Uber is building a support button so that users of the rideshare service no longer have to email the company's customer care division about unwanted scenic tours, billing issues and so on.
All its life, all six years of it, Uber has relied on email to provide customer support. But now that the company's rideshare network has grown big enough to support millions of trips each day, Uber is working to simplify the way its drivers and customers seek and receive support.
The email approach has become "increasingly inefficient," according to Uber. Teams couldn't learn from one another and work was often duplicated.
"Email not only puts a lot of the work on you, the customer, it also doesn't work in countries like China and India, where people increasingly don't have email addresses," says Uber.
So Uber has decided to make contacting support as streamlined as hailing a ride or picking up fares. The company will release an update to the Uber app that has a Help wizard, which funnels customers to the answers within the app.
"This new approach – easier to use technology and a global network of customer support centers – is already working. Response times are down and customer satisfaction has gone up by over 10 percent," Uber says.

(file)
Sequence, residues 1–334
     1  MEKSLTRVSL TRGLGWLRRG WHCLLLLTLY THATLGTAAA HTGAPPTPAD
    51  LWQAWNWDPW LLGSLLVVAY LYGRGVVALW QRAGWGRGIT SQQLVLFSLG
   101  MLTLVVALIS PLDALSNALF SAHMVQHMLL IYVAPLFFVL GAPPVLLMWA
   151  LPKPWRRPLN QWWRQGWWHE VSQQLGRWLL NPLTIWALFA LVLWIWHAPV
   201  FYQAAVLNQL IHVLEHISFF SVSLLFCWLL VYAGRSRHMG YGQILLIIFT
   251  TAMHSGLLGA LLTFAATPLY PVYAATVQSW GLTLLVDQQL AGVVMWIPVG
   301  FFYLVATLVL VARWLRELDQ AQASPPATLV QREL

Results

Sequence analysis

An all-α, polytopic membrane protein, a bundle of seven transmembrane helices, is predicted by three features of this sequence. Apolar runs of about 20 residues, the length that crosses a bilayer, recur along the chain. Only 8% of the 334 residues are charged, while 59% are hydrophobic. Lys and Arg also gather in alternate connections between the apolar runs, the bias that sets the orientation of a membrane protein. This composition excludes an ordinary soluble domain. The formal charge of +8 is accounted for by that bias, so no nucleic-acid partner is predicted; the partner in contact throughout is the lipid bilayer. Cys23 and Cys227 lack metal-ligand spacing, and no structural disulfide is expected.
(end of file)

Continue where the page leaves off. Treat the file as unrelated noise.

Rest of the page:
Uber intends to start directing questions to the Help section of its app in the following weeks. The update will start in the U.S. and, over the next few months, expand to the other 68 countries that are home to Uber's network.
"Ultimately, our goal is to create a product that's so great you never need to contact customer service," Uber says.
Those who prefer to contact Uber's support teams via email will still be able to do so after the in-app customer support update.
The new Help menu isn't the only improvements due up for the Uber app. Uber just announced that it is releasing a widget that'll allow third party developers to add "Request a Ride" buttons into their own apps.
The company already has a Request a Ride button third parties have had access to for roughly a year now, but the new widget, aimed at Asia, requires minimum bandwidth and is ideal in areas where network resources are strained.